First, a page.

Debate erupts as Hanya Yanagihara's editor takes on critic over bad review of A Little Life. [The Guardian] The editor of Hanya Yanagihara’s bestselling novel A Little Life has taken to the pages of the New York Review of Books to defend his author from a review that claimed the novel “duped” its readers “into confusing anguish and ecstasy, pleasure and pain”. [more inside]
What books should a critic own? "Each week, the National Book Critics Circle will post a list of five books a critic believes reviewers should have in their libraries." Here are all the lists, from 2007-2011. [more inside]
"So what is going on here? Should we be reassured that critics are sticking loyally by a work they admire regardless of sales, or bemused that something is being presented as a runaway commercial success when in fact it isn’t?" Tim Parks: Raise Your Hand If You’ve Read Knausgaard. [more inside]
This year's critical darling essay collection -- Junot Diaz's favorite read of the year (#), Michael Robbins's pick for best book of the year (#) -- is White Girls by Hilton Als. Mentions of Als are infrequent on Metafilter, so I thought I would share a Readlist collection of his stuff (that has a bit of overlap with the book).
Bullying & Goodreads: "Little more than a week ago, a website aimed at naming and shaming so-called Goodreads [A kind of facebook for bibliophiles.] ‘bullies’ suddenly appeared online – called, appropriately enough, Stop the GR Bullies. Run by four concerned ‘readers and bloggers’ writing anonymously under the handles Athena, Peter Pan, Johnny Be Good and Stitch, the site thus far seems bent on punishing the creators of snide, snarky and negative book reviews by posting their handles, real names, locations and photos in one place, together with a warning about their supposed ‘level of toxicity’ and some (ironically) snide, snarky and negative commentary about them as people. There’s a lot here to unpack, but before I get started on why this is a horrifically bad idea, let’s start with some basic context."
In 1929, John Galsworthy won a Guardian poll as the novelist most likely to still be read in 2029. Three years later, he won the Nobel Prize, and the prices of his first editions skyrocketed. His reputation has since been on a 80-year wane that shows no signs of abating. The New Yorker asks Why is Literary Fame So Unpredictable? And who will they be teaching in literature class a century from now?
Reading Markson Reading: ‘Exploring the mind, method and masterpieces of David Markson through the marginalia found on the pages of the books in his personal library.’ (previously: 1, 2)
Let's Get Critical is "a new Longform.org partner site dedicated to surfacing the best cultural criticism on the web."
Polysyllabic Magical Incantations. For those who enjoy vigorous criticism, a bone-crushing takedown from biologist and blogger PZ Myers of David Brooks' latest foray into belles lettres. [more inside]
this petty-bourgeois uptightness, this terror of not being in control, this schoolboy desire to boast and to shock
The 2010 Booker longlist is out, and it seems that most of the buzz in the UK is about who's not on the list. The Guardian article "Amis-free Booker prize longlist promises to 'entertain and provoke'" introducing the list of 13 nominees actually devotes its headline, subhead, and most of the first four paragraphs to the subject of who's missing in action: Amis, McEwan, Rushdie. Elsewhere in the Guardian Books section, research professor Gabriel Josipovici pulls no punches in including these (former?) darlings of the glitterati in his assertion that Feted British authors are limited, arrogant and self-satisfied, compares them to "prep-school boys showing off," calls them "virtually indistinguishable from one another in scope and ambition," and muses that the fact that they have won so many awards is "a mystery." [more inside]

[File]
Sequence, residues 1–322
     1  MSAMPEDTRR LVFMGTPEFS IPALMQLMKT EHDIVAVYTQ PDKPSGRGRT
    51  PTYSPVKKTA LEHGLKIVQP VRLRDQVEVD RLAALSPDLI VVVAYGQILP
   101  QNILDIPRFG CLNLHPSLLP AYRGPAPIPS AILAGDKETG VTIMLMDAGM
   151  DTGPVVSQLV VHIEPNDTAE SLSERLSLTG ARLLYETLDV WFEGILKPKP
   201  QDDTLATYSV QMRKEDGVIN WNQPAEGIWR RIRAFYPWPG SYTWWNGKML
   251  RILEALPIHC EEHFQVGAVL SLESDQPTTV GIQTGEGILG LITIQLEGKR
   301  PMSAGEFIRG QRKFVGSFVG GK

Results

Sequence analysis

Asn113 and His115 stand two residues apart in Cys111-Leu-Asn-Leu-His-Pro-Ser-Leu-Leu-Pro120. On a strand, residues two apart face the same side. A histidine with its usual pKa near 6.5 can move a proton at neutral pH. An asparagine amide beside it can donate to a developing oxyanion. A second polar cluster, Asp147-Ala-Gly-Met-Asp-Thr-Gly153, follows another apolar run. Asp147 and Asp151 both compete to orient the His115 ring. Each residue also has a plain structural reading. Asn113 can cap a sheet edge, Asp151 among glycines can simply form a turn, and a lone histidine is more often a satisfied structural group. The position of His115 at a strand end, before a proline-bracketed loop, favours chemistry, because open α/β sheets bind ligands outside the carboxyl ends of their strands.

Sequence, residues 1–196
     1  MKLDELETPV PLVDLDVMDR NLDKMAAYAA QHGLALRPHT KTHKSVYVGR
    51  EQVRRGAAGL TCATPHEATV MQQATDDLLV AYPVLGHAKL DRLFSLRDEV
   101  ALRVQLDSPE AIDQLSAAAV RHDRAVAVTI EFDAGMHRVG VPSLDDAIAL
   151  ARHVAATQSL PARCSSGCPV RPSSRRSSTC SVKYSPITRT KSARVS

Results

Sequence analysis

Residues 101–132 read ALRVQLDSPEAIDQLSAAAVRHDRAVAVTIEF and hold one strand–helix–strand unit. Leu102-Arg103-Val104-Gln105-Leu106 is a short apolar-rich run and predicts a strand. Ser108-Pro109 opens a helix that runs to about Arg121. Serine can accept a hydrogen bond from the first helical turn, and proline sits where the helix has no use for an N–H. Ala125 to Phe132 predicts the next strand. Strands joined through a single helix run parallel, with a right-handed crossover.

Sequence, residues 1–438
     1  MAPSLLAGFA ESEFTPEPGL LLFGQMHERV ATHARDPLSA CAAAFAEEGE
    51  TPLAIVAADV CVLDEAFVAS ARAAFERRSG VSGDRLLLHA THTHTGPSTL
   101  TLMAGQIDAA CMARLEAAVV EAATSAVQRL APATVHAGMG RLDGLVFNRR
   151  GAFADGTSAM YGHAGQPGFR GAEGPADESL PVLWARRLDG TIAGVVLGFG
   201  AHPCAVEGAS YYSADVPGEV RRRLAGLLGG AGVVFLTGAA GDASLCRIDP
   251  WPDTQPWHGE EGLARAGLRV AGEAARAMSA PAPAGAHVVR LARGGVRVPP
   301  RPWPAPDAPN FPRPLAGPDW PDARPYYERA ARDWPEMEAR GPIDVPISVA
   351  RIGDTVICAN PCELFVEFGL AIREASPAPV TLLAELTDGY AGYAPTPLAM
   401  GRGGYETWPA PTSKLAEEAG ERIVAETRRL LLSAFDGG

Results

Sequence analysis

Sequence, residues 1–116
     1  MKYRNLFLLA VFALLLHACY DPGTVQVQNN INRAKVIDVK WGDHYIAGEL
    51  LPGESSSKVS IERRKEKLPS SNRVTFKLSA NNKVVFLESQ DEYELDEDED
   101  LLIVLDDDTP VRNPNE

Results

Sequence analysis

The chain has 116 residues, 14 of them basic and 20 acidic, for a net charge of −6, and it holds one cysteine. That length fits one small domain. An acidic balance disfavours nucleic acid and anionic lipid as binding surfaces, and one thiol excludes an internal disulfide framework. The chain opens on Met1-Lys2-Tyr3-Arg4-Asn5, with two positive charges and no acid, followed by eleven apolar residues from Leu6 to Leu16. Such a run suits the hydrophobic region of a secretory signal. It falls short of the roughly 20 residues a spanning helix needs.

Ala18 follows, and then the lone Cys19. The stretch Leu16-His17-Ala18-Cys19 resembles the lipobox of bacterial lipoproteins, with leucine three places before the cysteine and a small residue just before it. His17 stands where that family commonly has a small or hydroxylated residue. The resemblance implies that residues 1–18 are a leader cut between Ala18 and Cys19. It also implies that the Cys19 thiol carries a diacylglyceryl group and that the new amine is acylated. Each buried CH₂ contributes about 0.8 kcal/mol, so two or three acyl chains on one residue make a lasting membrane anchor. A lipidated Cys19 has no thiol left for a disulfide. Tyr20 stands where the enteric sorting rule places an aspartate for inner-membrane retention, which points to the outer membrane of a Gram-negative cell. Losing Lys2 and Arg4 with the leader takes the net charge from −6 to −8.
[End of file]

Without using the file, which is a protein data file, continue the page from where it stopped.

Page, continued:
In its latest issue, the American Book Review has taken stock of literature and come up with its Top 40 Bad Books [pdf]. Faced with the unusual Top 40 list (which is not strictly a list and includes, among other things, The Great Gatsby) Alison Flood at the Guardian responds by asking, "What makes a bad book bad?" while at the L.A. Times, Carolyn Kellogg puts forth that the list's only constant is "that the best books that appear on their worst-book list are subject to the most unreasonable critiques." [more inside]
"We could all do worse than to write like Saul Bellow. And when I say write like Saul Bellow, I mean be Saul Bellow. And when I say be Saul Bellow, I mean unzip the skin from his body and wear it as a sort of Saul Bellow suit so that we can get cozy in it and truly inhabit it and understand the Old Macher." [more inside]
What Good Are the Arts? asks John Carey’s recent book of the same name. The New Criterion think Carey’s thesis is informed by cynical political motives rather than earnest convictions, and accuses Carey of dabbling in the risky art of aesthetic relativism: Obviously, art is ultimately about “the search for truth” (a lesson we’d do well to remember before society falls apart). But as Carey and others point out to the contrary, the Third Reich was all about art—and yet, art under the Third Reich had precious little to do with “searching for truth.” So just what good are the arts? Here’s what a few others have to say on the subject.
Literary lynching, the practice of attacking authors who make statements against the U.S. government or engage in dissent, gets a comprehensive overview with a book in progress. As 72 year old author Dorothy Bryant puts it, "More than ever, we need free exchange of facts and opinions. I hope that looking back on a few cases that have had time to cool off will help us to understand the psychology of literary lynching, and to resist it — not only in others but in ourselves." But in today's world, is there any distinction between a thoughtful response and a downright ugly rejoinder anymore? (via Moby Lives)